The real reason you want something is often masked by what you initially think might be the reason. Remember that the human mind is incredibly complex. And even understanding your own intentions might seem difficult at the best of times. So you have to keep asking yourself “why” until the question is equal to the answer. Oftentimes, the answer is based in love.
For example, we don’t want money because we want pictures of deceased notables. We want money because of what money will bring us. Yet, the superficial reasons often relate to status. We want money for the car or the house or the vacation. That’s not really why we want it. When you drill down, we want money because of the feeling we associate with it.
Maybe you didn’t have money growing up. Maybe you don’t want your kids to struggle with money in the future. In your mind, money could just mean that you love your children so much you want to give them everything you didn’t have. Maybe you think that they won’t love you if you don’t provide a good life for them. Or maybe it’s something else based in love. My point is that it is hidden many layers deep. Figure out your “why” and you’ll lay the foundation for true success in any area of your life.
3. Eliminate Bad Habits Fast
Temptation is real. When you have bad habits, it’s incredibly hard to stay disciplined. But most people struggle with their habits. We all know how important it is to stay focused and employ good habits. But how many of us follow through on that understanding? Yet, the biggest thing standing in the way of you and self-discipline are your bad habits.
So how do you get rid of bad habits? What if they’re habits you’ve had for years, if not decades? Then what? Whether you gamble, overeat, overspend, drink excessively, or anything else, there is a way to break through. Of course, you need to stick to the first two items on this list first and foremost. But when it comes to breaking bad habits, here’s what you need to do.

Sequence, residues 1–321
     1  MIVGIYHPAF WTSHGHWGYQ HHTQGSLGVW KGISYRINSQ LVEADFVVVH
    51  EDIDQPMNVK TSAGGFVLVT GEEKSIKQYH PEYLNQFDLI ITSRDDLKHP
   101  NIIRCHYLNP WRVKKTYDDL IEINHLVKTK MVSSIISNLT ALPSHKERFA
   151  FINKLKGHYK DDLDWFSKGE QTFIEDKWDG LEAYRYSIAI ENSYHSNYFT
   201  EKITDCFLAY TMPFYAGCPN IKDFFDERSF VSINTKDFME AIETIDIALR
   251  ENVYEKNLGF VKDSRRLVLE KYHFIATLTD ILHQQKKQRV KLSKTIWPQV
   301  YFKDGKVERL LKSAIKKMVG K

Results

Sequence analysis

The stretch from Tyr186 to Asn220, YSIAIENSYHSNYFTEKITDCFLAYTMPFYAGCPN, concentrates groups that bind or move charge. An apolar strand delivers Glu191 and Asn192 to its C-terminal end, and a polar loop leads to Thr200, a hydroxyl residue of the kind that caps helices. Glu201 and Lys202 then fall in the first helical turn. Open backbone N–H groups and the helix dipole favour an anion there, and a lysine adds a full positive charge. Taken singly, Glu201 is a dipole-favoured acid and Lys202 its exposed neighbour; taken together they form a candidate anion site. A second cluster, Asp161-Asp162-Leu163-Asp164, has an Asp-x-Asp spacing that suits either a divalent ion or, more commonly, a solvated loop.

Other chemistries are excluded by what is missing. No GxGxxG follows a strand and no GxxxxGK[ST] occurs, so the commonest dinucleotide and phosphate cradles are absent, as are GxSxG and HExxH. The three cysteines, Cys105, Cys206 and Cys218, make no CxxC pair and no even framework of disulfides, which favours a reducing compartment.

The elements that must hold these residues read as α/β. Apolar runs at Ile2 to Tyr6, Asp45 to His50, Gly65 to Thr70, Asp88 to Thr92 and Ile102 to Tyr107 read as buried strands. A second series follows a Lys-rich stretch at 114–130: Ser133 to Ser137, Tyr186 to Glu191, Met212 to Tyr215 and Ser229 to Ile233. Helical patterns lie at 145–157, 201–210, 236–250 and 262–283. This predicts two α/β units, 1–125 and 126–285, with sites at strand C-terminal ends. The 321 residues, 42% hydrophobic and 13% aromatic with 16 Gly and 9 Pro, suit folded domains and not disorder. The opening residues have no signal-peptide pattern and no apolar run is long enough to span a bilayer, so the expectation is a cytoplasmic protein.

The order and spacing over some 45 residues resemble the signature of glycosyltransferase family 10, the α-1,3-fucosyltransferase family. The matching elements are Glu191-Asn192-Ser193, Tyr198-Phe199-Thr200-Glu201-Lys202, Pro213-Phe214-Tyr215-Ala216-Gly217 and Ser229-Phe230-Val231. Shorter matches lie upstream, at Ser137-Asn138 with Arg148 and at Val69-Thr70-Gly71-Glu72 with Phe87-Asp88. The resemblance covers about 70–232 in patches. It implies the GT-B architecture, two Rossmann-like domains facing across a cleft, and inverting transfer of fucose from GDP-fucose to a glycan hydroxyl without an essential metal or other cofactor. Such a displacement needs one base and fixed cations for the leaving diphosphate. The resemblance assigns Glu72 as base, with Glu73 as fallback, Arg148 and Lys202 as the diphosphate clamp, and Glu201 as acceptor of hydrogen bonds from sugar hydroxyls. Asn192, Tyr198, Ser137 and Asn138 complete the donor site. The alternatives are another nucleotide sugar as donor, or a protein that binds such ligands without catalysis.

First, understand that bad habits are hard to break. Yet, with a little bit of focus, you can do it. You just have to be acutely conscious of what’s happening. However, you also have to understand that habits run on a series of trigger-routine-reward sequences. Every habit has a trigger (or multiple triggers) that set off the routine-reward sequence.
What Triggers Your Bad Habits?
If you want to break your bad habits fast, figure out your triggers. What triggers you? Maybe it’s the stress after a long day of work? The demands of a boss that’s breathing down your neck? Maybe it’s the smell of something or a certain song, or possibly something else. Figure out what triggers you. Then, work to avoid those triggers.
Let’s just say that your trigger is hunger driving home from work and the routine is driving to the fast food joint just off the exit to your home. And of course the reward is eating the big juicy burger. How can you avoid being triggered? Go back to the origin. Have an apple or two on hand and eat it before getting in your car to drive home to work. This way, you’re not hungry.
Replace The Words “I Can’t” With “I Don’t”
Language is huge in shifting habits. Keep in mind that your habits are the result of years and years of conditioning. Tune into the language that you’re using when you try to break bad habits. Studies have actually confirmed that saying the words “I don’t [bad habit]” instead of “I can’t [bad habit]” help you avoid temptation much better. Only 10% of people in the study group who said “I can’t [bad habit]” were able to stick to breaking it.
On the other end, 61% of people who said “I don’t [bad habit]” were able to stick to breaking that bad habit after 10 days. Yes, the data here is limited, but it goes to show you that language is powerful. What you say to yourself repeatedly has a big impact on the direction you travel in. Be wary of the things that you repeatedly say to yourself and choose empowering words instead of disempowering words if you’re serious about breaking your bad habits.
Struggling To Discipline Yourself?
Feeling lost, overwhelmed or just don’t know where to turn next? When you change nothing, nothing changes. Remember, pain is your brain signaling that something needs to happen and it needs to happen fast. Stop delaying. Get started on the road to leading a disciplined life and watch as all your hopes and your dreams ultimately come to pass.